December 2006

 

Once again the Hort Society has put together a great program.  This years speakers will bring great insight on labor issues, chemical stone fruit thinning, peach pests and the latest on sweet cherries.  The goal of WCHS is to provide you with tools to make you a better, more profitable grower.  Don't miss this opportunity!

Grand Mesa Discount in cooperation with CSU is working towards bringing you a periodic update on winter hardiness levels of stone fruit (peach & cherry) buds.  If all goes well, by the time you read this the first tests will have been completed.  Our hope is to have an idea before critical freeze periods what temperature will result in significant bud mortality.  Look for a “Fruit Fax” on your e-mail, or give me a call and I'll fill you in.

At noon on January 4th at the CSU Rogers mesa station there will be a brown bag discussion on peach twig borer.  It will be an informal session reviewing control programs, results (both good and bad)from this last year, and ideas towards the coming season.  Bring a sack lunch and join the discussion!

These generic “Round-up's” just don't work!  I've heard that comment a number of times.  We talk often about rotating chemistry classes with insecticides to avoid “resistance”.  What about resistance with herbicides?  When was the last time you sprayed weeds and didn't have a glyphosate (Roundup) product in the tank?  There's a number of weeds in our area that have developed resistance to a specific herbicide.  If your weed spray program doesn't seem to work as well as it once did try changing materials.  Use a different “class”, leave the glyphosate out and spray with a burn-down product.

 

“Mistakes are a part of being human. Appreciate your mistakes for what they are: precious life lessons that can only be learned the hard way. Unless it's a fatal mistake, which, at least, others can learn from.”  Al Franken:

Brown Rot.  If you don't have a clue what that is consider your self fortunate!  Around the world it's one of the most destructive stone fruit diseases known. Under optimum conditions, entire fruit can be rotted within 48 hours of infection, often only days before harvest.  The first sign of the disease occurs at bloom with the rapid collapse of blossoms.  Turning brown they become covered in a gummy mass that develops into a grayish/tan spore.  Shoot blight can occur if the fungus girdles the twig.  Fortunately, since Colorado is a superior location to grow fruit (and live) we don't see much of this disease.  But don't fall asleep at the wheel!  IT IS HERE.  I had discussions with several growers this last season that watched their fruit rot “overnight”!  Brown rot overwinters on fruit mummies, stems, and cankers.  Moisture and optimum temperatures (72 -77°F) can cause infection within a few hours!  This is a problem that starts at bloom, builds up (usually undetected) through the summer, then bites you right at harvest.  As you prune this winter keep your eyes open for mummies still hanging in the trees.  At shuck fall you can monitor for the presence of blossom infection. Treatment starts at bloom!  Depending on the severity one to two sprays during bloom will help minimize loss at harvest.  Dr. Larsen will be giving a talk on this pest  at the hort show,  don't miss it!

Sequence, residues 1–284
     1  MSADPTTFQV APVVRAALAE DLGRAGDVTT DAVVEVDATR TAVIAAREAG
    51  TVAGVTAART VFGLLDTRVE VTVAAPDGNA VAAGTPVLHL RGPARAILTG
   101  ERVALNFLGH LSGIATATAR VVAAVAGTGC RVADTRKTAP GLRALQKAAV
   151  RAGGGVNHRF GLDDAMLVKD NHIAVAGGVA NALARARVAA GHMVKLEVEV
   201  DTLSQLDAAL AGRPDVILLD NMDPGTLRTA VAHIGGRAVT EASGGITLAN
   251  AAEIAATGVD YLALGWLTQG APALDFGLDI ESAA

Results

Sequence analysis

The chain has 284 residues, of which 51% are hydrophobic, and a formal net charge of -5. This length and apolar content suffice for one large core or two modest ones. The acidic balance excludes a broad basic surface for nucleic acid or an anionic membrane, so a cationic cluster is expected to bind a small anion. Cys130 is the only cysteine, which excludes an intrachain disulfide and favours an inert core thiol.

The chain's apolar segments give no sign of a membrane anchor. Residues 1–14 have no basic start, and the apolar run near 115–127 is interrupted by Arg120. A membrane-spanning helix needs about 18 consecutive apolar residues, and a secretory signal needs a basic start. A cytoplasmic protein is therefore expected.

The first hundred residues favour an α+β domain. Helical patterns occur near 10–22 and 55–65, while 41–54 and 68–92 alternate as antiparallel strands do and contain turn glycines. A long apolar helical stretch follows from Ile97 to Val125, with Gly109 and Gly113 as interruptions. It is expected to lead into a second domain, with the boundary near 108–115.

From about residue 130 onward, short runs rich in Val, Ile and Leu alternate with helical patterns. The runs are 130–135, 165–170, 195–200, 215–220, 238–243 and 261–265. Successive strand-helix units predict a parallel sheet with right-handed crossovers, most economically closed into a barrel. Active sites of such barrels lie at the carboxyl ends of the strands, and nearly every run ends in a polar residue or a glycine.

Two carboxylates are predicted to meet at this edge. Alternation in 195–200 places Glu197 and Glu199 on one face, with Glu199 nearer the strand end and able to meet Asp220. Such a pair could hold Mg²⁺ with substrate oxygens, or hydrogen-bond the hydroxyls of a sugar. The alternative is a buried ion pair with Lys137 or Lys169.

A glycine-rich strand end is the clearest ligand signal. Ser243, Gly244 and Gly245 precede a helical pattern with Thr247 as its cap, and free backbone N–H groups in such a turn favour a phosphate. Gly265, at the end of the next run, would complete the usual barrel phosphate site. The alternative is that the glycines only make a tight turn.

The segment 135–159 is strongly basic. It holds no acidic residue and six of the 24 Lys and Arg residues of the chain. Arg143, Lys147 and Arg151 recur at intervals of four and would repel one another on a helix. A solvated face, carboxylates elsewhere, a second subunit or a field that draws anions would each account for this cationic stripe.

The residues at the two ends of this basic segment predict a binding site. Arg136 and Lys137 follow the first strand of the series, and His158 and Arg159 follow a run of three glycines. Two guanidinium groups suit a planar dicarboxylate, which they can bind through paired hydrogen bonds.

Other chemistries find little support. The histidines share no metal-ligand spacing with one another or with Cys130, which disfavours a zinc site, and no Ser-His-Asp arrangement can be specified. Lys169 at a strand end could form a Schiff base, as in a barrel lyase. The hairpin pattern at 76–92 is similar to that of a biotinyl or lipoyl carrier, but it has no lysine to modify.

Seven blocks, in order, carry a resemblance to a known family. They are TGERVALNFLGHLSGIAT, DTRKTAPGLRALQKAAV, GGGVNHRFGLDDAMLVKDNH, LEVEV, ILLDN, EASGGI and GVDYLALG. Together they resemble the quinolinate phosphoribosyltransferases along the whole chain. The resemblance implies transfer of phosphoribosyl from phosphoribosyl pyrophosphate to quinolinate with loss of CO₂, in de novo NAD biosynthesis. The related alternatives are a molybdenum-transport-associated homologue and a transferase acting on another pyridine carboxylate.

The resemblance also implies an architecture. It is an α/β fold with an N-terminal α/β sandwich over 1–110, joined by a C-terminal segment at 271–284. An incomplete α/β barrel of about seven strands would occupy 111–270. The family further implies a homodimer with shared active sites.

Interested in learning, or improving your Spanish language skills?  I downloaded a course that focuses on agriculture.  The University of California makes it available free on the web.  If you're interested in a copy of the CD, let me know and I'll make one for you or give you the web address. 

 

Are you struggling with a pest problem?  Not getting control?  The first item you have to address is driving speed. I can’t tell you how fast you should drive, that changes with orchard configurations and the time of the year. Two miles per hour may be OK through petal fall, but too fast for summer covers when the orchard is in full leaf. If you’re not getting good insect or disease control, my first guess is that you may be driving too fast for conditions. (I am assuming that the timing of the application was correct and the material was appropriate.) An easy and inexpensive way to check your current coverage is to put a 25-lb. bag of Surround WP in 100 gallons of water and spray at your normal speed. After the spray has dried completely, check to see what is not covered. If you’re not happy with the coverage you will have to slow down, prune the tree differently or maybe both. Don’t expect your control to improve until you do something about your coverage.

A WSU Codling Moth Workshop gave out the following as a rough guide: 

 

 

 

 

 

 

 

 

 

 

 

 

It's common to hear, “It's great to finally have a cold winter, maybe it will kill some of our pests.”  Or the opposite, “ We had such a mild winter that everything survived.”  I came across the following info in Destructive and Useful Insects by Metcalf, Flint and Metcalf.  Regarding codling moth: “They remain dormant and are able to withstand low temperatures.  A drop in temperature to – 25°F or below however will kill many larvae.”  I suspect that if winter temps take care of your codling moth problem, your harvest worries will also be over!

At the start of 2007 your “Restricted Use” pesticide card and “Worker Protection Standards” will no longer be administered by the EPA.  The Colorado Department of Ag will take jurisdiction.  Your current RUP card will still be good till the expiration date, at that time you will renew with the state.  With the change will come new fees.  All things considered I think this will be a change for the better.   Check your Hort show program for Mr. John Scott with the Dept of Ag.  He will give a presentation dealing with all the changes.

 

I hope these holidays will be joyous for you and yours, and that the new year will prosper you in every way!

Larry  234-34

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